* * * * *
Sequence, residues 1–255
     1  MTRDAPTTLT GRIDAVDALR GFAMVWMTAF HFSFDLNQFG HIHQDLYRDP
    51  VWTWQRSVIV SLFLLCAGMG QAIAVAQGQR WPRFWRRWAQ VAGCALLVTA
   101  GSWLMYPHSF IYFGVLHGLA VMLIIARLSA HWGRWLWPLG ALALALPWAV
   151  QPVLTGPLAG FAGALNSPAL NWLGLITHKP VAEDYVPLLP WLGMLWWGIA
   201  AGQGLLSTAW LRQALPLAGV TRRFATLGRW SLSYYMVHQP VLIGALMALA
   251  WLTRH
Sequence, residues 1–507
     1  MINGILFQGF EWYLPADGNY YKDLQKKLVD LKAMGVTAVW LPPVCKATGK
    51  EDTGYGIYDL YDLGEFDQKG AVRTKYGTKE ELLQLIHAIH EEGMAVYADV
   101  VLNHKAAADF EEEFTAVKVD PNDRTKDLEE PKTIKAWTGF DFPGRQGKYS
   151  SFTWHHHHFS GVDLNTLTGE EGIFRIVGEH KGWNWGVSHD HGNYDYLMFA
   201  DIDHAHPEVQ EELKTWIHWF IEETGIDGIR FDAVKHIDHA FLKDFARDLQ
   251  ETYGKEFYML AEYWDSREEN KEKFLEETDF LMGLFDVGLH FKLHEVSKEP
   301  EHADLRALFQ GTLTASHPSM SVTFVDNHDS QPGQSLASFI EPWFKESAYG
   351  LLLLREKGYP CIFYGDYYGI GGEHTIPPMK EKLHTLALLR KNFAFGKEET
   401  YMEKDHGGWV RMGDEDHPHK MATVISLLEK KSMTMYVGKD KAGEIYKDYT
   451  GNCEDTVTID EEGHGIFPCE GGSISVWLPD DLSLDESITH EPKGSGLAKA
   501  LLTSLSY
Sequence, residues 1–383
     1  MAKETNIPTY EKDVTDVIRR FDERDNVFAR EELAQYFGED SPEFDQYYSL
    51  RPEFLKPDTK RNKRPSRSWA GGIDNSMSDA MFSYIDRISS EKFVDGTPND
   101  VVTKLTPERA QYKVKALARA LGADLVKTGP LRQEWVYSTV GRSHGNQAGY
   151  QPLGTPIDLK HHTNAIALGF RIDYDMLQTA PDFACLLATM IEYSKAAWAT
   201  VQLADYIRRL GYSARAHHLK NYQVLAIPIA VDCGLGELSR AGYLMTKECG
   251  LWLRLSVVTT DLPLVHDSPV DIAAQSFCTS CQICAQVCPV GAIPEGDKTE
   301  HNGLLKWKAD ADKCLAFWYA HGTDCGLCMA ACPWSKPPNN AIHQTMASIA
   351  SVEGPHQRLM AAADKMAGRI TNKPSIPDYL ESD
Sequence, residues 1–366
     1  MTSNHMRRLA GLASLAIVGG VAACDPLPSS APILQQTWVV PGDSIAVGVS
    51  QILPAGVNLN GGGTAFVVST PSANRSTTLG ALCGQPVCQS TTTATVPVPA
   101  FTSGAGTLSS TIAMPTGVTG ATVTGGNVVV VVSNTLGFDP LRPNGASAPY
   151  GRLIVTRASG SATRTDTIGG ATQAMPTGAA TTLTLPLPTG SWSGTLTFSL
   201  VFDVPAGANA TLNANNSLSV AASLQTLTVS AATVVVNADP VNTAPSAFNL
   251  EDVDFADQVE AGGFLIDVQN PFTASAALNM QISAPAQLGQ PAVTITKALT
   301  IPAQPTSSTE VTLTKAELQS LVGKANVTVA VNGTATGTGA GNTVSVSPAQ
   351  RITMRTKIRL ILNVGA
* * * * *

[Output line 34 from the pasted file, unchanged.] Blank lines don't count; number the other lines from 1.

   201  VFDVPAGANA TLNANNSLSV AASLQTLTVS AATVVVNADP VNTAPSAFNL